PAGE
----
EncroChat itself was a secretive company that shut down last month when it realized its platform had been compromised by a persistent state actor. The company sold modified, privacy-centric Android phones for approximately $1,130 each, and charged $1,695 for a six-month subscription. The NCA says the company had 60,000 customers worldwide, 10,000 of which were in the UK. In May, EncroChat discovered sophisticated, custom-made spyware on its devices. Motherboard says the company pushed out a patch to mitigate against this attack, but a more powerful version of the malware reappeared "almost immediately after the patch." On June 13th, EncroChat warned its customers to dump their phones.
Cosmic Lynx tied to hundreds of BEC attacks.
A sophisticated Russian cybercriminal group dubbed “Cosmic Lynx” is launching business email compromise (BEC) attacks against major companies around the world, according to researchers at Agari. The group has launched more than 200 BEC attacks since July of 2019, active against organizations in forty-six countries on six continents. Notably, Agari says "Cosmic Lynx has a clear target profile: large, multinational organizations. Nearly all of the organizations Cosmic Lynx has targeted have a significant global presence and many of them are Fortune 500 or Global 2000 companies."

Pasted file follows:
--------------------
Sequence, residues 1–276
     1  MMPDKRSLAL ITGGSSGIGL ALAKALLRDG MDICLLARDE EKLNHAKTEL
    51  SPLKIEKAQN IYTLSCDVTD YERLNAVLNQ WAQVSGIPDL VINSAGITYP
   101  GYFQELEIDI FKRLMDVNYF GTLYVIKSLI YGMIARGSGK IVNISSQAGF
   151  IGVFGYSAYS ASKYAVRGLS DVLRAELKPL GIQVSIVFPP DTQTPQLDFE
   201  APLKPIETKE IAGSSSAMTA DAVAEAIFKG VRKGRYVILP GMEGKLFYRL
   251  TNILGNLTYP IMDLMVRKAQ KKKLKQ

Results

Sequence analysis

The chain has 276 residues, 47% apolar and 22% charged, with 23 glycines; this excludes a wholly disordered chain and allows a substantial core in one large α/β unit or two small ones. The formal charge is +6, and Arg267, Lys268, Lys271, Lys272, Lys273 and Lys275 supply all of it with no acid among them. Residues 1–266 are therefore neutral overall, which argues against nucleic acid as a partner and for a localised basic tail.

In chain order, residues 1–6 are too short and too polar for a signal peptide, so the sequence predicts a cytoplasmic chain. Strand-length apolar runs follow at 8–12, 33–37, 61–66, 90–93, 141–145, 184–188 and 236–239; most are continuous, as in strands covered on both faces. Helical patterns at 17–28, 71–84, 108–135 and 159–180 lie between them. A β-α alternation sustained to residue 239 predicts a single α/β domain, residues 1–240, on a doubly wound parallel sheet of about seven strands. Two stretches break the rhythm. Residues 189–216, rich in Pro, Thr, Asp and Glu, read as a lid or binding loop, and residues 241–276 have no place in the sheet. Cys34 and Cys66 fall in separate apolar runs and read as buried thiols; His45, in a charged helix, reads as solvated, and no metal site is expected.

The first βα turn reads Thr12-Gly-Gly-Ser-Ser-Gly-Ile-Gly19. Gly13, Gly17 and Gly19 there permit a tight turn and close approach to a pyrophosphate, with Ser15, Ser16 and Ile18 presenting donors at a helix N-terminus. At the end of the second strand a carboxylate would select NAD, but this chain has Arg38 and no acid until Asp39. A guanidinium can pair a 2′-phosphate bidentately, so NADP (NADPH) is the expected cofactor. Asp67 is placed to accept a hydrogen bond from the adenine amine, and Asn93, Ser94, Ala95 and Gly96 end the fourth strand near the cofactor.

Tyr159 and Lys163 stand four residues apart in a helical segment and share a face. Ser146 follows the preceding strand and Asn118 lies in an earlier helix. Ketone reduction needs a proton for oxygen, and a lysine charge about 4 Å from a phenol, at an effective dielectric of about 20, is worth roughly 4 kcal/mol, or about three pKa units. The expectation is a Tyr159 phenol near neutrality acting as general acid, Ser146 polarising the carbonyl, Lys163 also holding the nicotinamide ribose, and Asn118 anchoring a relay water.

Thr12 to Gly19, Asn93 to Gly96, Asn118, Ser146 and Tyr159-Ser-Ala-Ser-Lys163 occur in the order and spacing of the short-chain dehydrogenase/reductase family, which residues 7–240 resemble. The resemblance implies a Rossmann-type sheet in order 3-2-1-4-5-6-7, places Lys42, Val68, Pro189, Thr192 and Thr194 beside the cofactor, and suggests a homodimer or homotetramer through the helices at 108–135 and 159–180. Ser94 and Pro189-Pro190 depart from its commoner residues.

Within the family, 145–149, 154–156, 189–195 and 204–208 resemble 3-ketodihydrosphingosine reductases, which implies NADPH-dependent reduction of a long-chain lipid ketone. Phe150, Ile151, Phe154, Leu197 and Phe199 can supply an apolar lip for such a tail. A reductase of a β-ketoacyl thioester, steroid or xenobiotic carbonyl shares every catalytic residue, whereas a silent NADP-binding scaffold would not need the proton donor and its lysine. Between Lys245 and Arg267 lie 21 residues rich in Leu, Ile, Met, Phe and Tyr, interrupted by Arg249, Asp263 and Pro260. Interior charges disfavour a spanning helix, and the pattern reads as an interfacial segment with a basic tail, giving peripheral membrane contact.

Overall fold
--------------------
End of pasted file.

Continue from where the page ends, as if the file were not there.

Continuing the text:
The threat actor singles out senior executives based on their titles. Agari found that 75% of the targeted employees have the titles of Vice President, General Manager, or Managing Director, while 21% held the titles of CEO, CFO, or President. After settling on a target, they use the (bogus) intention of acquiring an Asian company as the pretext of their request. They impersonate the victim company’s CEO in an email, asking them to work with “external legal counsel” to arrange the payments necessary to closing the acquisition. They then impersonate a real attorney who works with a British law firm to trick the targeted employee into making a transaction. The average amount Cosmic Lynx requests is $12.7 million.
For more, see the CyberWire Pro Research Briefing.
UCSF sustains NetWalker ransomware attack.
The University of California, San Francisco (UCSF) paid a $1.14 million ransom after sustaining a ransomware attack against the UCSF School of Medicine’s IT systems, Bloomberg reports. The school said the attack didn't interfere with patient care or COVID-19-related research, but added that "[t]he data that was encrypted is important to some of the academic work we pursue as a university serving the public good." The BBC says the attack involved the NetWalker ransomware, which Threatpost notes is now operating under a ransomware-as-a-service affiliate model. The BBC also reports that the attackers threatened to release stolen student data if the ransom wasn't paid.